Photographing sunrises and sunsets can be pleasant, but when using long lenses to get that sun bigger in the frame it can be difficult and especially dangerous (blinding) for the eyes to compose the image by looking through the viewfinder. Even shorter focal lengths can be dangerous with prolonged viewing. Tripod users can use the DOF preview button to stop down the aperture and look at the resulting darker viewfinder. Even then, you may have to stop down more than you want for that purpose and then open up again at time of capture. For handholding (yes, some of us hand hold even for landscapes!), using that DOF preview button and simultaneously composing the scene is tricky at best.
Misty Winter Sunrise, Canon 7D + 100-400L @190mm, manual exposure, evaluative metering, Live View, handheld, 1/3200s., f/14, ISO 800.
Come Live View to the rescue. Many of today’s DSLR’s now have this feature, so if you have it, use it! You will now be able to compose the image by looking at the sun without worrying about damaging your eyes by using the LCD display at the back of your camera, or using the “flip screen” if your camera is equipped with that. Easier to compose, and even for tripod users it means no longer fiddling with the DOF preview button to protect your eyes.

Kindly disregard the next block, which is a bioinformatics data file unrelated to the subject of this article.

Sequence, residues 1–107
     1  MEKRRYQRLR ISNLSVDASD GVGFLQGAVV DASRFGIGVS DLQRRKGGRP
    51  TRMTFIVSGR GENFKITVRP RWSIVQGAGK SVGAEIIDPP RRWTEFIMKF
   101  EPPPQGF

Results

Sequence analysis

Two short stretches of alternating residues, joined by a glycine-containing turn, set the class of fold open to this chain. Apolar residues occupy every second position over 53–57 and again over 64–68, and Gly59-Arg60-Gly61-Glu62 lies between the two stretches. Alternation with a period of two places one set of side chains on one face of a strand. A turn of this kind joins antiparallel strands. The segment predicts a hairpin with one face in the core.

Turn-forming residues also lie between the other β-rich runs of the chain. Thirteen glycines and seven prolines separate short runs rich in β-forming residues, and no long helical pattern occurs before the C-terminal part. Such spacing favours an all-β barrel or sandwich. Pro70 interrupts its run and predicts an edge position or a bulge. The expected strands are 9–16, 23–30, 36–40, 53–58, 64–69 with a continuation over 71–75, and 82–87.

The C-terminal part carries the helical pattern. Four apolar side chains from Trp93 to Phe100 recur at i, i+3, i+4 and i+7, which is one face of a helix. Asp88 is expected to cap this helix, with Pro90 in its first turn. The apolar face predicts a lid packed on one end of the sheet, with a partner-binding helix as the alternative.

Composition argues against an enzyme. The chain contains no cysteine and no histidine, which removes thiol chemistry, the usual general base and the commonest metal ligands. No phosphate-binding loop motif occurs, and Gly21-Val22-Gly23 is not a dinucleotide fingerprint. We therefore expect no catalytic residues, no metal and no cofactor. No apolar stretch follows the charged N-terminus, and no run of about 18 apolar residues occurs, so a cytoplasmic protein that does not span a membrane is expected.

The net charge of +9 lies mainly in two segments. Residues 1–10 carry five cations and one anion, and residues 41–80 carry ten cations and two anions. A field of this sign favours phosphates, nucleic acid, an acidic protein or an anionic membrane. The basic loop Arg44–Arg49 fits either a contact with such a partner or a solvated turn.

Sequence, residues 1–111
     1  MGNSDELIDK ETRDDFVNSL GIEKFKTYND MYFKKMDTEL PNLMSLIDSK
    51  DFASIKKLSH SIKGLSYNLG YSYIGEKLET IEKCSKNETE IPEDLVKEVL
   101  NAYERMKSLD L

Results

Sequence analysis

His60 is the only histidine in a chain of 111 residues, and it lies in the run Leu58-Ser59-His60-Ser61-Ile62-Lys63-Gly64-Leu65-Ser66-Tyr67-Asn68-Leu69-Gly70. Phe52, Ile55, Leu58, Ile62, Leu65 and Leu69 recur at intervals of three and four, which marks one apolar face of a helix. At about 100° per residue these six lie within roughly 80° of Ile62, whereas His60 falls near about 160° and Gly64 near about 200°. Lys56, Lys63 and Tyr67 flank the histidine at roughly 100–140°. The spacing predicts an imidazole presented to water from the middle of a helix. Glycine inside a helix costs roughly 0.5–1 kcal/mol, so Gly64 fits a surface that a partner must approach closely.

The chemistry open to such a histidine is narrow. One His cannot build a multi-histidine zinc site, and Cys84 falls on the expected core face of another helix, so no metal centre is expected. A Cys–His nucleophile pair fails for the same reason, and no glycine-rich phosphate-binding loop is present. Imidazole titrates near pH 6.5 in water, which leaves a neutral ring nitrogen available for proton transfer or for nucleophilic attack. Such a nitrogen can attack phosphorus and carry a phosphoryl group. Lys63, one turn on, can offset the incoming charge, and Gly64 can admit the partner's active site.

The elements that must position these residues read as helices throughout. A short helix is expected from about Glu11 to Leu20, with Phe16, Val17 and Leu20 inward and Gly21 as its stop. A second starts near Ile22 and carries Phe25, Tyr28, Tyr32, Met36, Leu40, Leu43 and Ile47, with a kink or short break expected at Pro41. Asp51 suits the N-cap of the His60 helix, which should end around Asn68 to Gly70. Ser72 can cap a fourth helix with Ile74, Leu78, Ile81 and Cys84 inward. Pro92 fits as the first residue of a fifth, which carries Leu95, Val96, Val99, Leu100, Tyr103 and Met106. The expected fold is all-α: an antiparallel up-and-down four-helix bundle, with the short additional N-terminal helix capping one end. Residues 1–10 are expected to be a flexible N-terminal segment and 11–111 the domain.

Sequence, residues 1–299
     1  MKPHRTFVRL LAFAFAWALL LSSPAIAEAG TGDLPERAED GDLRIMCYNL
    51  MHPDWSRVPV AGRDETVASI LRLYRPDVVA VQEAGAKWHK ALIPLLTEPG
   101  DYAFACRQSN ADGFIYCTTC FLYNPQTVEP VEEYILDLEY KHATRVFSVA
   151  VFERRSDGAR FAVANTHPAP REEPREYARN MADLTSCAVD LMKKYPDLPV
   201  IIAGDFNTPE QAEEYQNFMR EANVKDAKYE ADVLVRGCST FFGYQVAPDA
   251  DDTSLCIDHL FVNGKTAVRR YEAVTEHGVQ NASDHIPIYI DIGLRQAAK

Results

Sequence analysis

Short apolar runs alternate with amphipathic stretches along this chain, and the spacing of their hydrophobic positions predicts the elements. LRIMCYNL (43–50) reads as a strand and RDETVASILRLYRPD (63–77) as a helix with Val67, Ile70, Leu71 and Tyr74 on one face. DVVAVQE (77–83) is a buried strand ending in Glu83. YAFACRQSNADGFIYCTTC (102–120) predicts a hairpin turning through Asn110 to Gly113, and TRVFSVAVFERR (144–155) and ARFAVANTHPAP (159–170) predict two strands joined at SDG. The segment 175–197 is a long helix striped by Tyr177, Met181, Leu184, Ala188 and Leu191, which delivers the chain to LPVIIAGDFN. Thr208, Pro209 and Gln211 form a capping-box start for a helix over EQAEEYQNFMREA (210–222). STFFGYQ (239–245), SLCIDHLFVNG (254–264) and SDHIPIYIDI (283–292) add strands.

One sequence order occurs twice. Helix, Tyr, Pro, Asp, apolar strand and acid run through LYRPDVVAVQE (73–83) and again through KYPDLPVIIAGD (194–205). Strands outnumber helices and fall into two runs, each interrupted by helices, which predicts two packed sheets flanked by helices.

Cape Breton Island, NS, sunset, Canon 7D + Tamron 28-75mm @66mm, manual exposure, evaluative metering, Live View, handheld, 1/640s., f/14, ISO 200.
The best added bonus is the instant exposure and depth-of-field preview: raise or lower either the shutter speed or aperture and watch the image go dimmer or brighter on the spot, the DOF getting thinner and thicker, and you can also see the “star burst” effect changing before capturing the image. What’s not to like by using that feature for beautiful sunrises and sunsets?
Quick tip for handholders: when using Live View that means sacrificing one key lens stabilizing technique – pressing the back of the camera tightly against your face. You will need to separate the camera from your face to view the LCD and keep the composition intact. Rather than untucking your elbows from your body (which would be losing yet another essential “stabilizing” factor) you can simply pull your neck back and look “down your nose” towards the camera’s back while keeping your elbows firmly pressed into your body 😀
Thank you very much for the great info. The first one is unique and amazing. The sunrise, the trees and the mist all play up together very well.
Thanks for sharing
Thanks! That was a magical morning – that scene was behind my back as I photographed a Great Gray Owl in front of me.